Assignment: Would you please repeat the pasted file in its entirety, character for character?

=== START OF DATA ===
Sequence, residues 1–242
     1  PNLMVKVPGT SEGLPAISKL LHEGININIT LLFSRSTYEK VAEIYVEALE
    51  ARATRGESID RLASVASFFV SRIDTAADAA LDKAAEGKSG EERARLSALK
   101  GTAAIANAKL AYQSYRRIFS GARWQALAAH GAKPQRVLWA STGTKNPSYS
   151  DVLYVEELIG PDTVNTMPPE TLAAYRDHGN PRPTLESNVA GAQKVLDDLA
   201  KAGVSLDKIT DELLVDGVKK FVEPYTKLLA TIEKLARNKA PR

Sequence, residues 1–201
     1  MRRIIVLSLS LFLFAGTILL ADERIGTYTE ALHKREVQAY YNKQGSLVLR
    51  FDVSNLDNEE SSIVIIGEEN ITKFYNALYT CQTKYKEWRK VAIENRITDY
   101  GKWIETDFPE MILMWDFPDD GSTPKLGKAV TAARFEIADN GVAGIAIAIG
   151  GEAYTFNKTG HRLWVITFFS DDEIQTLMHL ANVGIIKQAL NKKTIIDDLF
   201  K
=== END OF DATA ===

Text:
Sequence, residues 1–242
     1  PNLMVKVPGT SEGLPAISKL LHEGININIT LLFSRSTYEK VAEIYVEALE
    51  ARATRGESID RLASVASFFV SRIDTAADAA LDKAAEGKSG EERARLSALK
   101  GTAAIANAKL AYQSYRRIFS GARWQALAAH GAKPQRVLWA STGTKNPSYS
   151  DVLYVEELIG PDTVNTMPPE TLAAYRDHGN PRPTLESNVA GAQKVLDDLA
   201  KAGVSLDKIT DELLVDGVKK FVEPYTKLLA TIEKLARNKA PR

Sequence, residues 1–201
     1  MRRIIVLSLS LFLFAGTILL ADERIGTYTE ALHKREVQAY YNKQGSLVLR
    51  FDVSNLDNEE SSIVIIGEEN ITKFYNALYT CQTKYKEWRK VAIENRITDY
   101  GKWIETDFPE MILMWDFPDD GSTPKLGKAV TAARFEIADN GVAGIAIAIG
   151  GEAYTFNKTG HRLWVITFFS DDEIQTLMHL ANVGIIKQAL NKKTIIDDLF
   201  K